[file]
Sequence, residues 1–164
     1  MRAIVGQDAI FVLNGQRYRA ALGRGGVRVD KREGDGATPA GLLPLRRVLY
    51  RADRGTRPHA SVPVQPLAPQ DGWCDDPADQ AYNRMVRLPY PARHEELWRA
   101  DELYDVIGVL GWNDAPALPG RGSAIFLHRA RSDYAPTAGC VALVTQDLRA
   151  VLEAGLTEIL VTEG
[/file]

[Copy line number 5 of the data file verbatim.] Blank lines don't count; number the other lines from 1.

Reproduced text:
   151  VLEAGLTEIL VTEG